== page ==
A Flock of Seagulls: unfairly branded as a one-hit-wonder with a novelty haircut. In fact, their self-titled debut album formed a benchmark for British New Wave.
Optimistic, melodic, and with a futuristic grandeur, it was a departure from the punkier acts of the US towards a more emotional sound that would grow into the New Romantic genre as the decade trundled on. They were, of course, best remembered for the timeless I Ran (So Far Away), a track whose fantastic delayed guitar runs, shimmering imagery, and killer hook would define the band and remains a cultural touchstone for the music of the time.
None of that beauty, balladry, or killer strumming is missing on the bands latest release: ‘String Theory’. The second instalment of their ‘Orchestral Hits opus’ sees A Flock of Seagulls add scores of strings to their synth lines, adding heaps of opulence while retaining the best elements of their classic sound.
A big reason for this is the amount of room they give Paul Reynolds (lead guitarist) in the mix. His playing painted vibrant streaks across a lot of their earlier output, and with an orchestra to squeeze in, one could be worried he’d be left out in the cold. Instead, he shines on tracks like ‘Messages’ and ‘Living in Heaven’, where he battles the striking string sections in high-tempo synth standoffs.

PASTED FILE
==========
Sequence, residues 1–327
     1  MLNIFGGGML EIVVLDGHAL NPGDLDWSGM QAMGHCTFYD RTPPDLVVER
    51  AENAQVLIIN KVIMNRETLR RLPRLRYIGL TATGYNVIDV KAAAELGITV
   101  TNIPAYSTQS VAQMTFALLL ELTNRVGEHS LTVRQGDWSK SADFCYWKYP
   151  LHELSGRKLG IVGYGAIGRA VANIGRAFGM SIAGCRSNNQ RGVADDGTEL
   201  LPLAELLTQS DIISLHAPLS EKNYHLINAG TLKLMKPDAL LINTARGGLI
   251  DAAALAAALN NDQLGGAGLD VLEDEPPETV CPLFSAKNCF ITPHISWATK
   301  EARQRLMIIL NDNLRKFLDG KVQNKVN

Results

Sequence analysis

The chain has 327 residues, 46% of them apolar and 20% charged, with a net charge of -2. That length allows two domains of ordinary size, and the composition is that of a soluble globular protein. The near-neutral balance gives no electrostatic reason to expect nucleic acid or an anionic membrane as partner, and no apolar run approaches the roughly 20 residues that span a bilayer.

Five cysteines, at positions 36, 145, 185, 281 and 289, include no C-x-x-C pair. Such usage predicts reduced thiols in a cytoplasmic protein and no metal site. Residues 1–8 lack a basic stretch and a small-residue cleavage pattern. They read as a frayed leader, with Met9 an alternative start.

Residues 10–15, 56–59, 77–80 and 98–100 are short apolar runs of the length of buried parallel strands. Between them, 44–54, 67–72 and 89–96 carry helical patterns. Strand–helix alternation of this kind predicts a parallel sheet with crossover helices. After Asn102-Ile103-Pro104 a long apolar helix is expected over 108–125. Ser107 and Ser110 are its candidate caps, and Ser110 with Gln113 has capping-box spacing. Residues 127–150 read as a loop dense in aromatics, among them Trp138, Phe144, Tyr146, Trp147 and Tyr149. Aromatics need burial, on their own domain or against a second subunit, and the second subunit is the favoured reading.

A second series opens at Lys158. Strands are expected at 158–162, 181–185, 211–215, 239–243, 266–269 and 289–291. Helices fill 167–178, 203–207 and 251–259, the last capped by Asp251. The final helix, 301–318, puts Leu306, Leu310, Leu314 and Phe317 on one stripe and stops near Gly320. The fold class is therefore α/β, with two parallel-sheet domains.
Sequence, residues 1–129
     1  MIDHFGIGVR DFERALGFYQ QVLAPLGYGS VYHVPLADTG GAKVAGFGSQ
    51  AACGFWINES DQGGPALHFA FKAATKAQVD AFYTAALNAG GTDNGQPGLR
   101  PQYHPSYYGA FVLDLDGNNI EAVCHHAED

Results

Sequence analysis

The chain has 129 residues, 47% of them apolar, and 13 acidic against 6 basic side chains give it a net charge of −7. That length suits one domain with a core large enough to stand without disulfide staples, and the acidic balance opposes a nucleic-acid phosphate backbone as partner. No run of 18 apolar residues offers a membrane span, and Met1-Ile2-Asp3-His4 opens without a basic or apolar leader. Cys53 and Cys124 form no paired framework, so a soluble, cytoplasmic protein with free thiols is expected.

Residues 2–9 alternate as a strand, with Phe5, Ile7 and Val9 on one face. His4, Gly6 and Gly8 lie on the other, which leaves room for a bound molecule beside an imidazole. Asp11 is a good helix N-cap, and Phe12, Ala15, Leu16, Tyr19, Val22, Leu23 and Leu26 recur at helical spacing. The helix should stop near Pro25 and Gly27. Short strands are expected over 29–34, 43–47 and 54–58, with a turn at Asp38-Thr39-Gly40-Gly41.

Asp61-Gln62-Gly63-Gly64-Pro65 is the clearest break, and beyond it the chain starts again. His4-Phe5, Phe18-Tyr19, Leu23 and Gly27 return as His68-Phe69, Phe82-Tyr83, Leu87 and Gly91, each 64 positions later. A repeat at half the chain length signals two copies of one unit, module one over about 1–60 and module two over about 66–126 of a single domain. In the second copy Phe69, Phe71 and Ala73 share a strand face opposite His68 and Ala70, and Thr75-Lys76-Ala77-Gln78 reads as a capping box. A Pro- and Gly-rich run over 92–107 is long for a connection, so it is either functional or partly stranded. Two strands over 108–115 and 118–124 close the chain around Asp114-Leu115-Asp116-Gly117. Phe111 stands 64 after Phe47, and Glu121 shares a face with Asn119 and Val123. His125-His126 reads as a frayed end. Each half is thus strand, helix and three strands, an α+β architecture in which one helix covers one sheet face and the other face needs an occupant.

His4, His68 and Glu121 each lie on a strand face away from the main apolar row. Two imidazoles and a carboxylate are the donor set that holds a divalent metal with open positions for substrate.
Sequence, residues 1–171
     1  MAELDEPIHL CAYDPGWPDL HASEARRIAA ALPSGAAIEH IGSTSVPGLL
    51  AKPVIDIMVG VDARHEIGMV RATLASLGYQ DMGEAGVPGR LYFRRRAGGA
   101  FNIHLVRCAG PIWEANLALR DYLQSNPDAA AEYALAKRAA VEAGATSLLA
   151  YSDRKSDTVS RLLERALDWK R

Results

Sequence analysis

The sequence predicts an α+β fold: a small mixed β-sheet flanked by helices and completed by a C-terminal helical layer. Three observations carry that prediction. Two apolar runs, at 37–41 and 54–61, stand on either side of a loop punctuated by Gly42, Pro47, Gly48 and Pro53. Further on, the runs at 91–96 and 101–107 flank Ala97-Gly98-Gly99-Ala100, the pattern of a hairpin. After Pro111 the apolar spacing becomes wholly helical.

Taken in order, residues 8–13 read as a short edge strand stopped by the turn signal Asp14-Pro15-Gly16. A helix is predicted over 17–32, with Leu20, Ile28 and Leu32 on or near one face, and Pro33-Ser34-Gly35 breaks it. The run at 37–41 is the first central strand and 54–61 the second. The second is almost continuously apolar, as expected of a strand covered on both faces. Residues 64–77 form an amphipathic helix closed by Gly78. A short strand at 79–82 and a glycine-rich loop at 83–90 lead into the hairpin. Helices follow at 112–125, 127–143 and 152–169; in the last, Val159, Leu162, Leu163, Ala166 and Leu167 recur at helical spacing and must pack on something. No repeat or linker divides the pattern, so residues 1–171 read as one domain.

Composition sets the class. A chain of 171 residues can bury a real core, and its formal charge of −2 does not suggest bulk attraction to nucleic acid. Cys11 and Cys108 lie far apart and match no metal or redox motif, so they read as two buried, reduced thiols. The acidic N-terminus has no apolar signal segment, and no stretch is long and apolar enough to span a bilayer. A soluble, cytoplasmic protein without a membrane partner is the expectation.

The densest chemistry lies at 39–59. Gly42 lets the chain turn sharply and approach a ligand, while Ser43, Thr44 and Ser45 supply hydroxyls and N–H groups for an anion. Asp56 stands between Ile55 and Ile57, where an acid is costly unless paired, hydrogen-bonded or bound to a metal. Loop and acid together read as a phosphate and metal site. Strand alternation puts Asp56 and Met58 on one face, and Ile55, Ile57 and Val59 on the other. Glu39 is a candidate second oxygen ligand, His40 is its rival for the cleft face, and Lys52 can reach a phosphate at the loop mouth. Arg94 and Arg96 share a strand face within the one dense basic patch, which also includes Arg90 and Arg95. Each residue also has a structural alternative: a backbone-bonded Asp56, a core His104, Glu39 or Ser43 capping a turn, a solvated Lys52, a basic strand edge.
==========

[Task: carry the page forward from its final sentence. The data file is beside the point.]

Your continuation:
The orchestral addition does get its time to shine too. The reimagined ‘Say You Love Me’ takes on a greater melancholy, spinning and soaring around Mike Score’s [lead vocals, keyboard] hopeless pining for lost love. On ‘The Story Of A Young Heart’, they build stronger and more swirling as the track moves forward before shattering behind the synth solo.
By cherry-picking songs from across five albums and getting all four members back into the studio (I must mention Ali Score [drums] and Frank Maudsley [bass]), the Seagulls were able to include the many sides of their sound and not feel dated at all. Sometimes that’s moodier, with the scathing Sisters of Mercy style guitar of ‘Rainfall‘, or more optimistic, like the blue-sky mentality of ‘Never Again (The Dancer)‘. Either way, the orchestra consistently empowers the sound – Score’s declarations of love are more triumphant while his feelings of forlorn seem inescapable.
Now, I should point out this one has some deep cuts on it. In 2018, the Seagulls released the first in this series, ‘Ascension’, where you’ll find the likes of I Ran, Wishing (If I Had A Photograph of You) and Space Age Love Song. That doesn’t mean the album isn’t worth mining for its stellar moments. It’s a great release and a great way to re-contextualise the band, remembering them for their pioneering pop instead of one bad hair day.
Join the flock! Hear more from the band at the links below:
Words by Nathan Makalena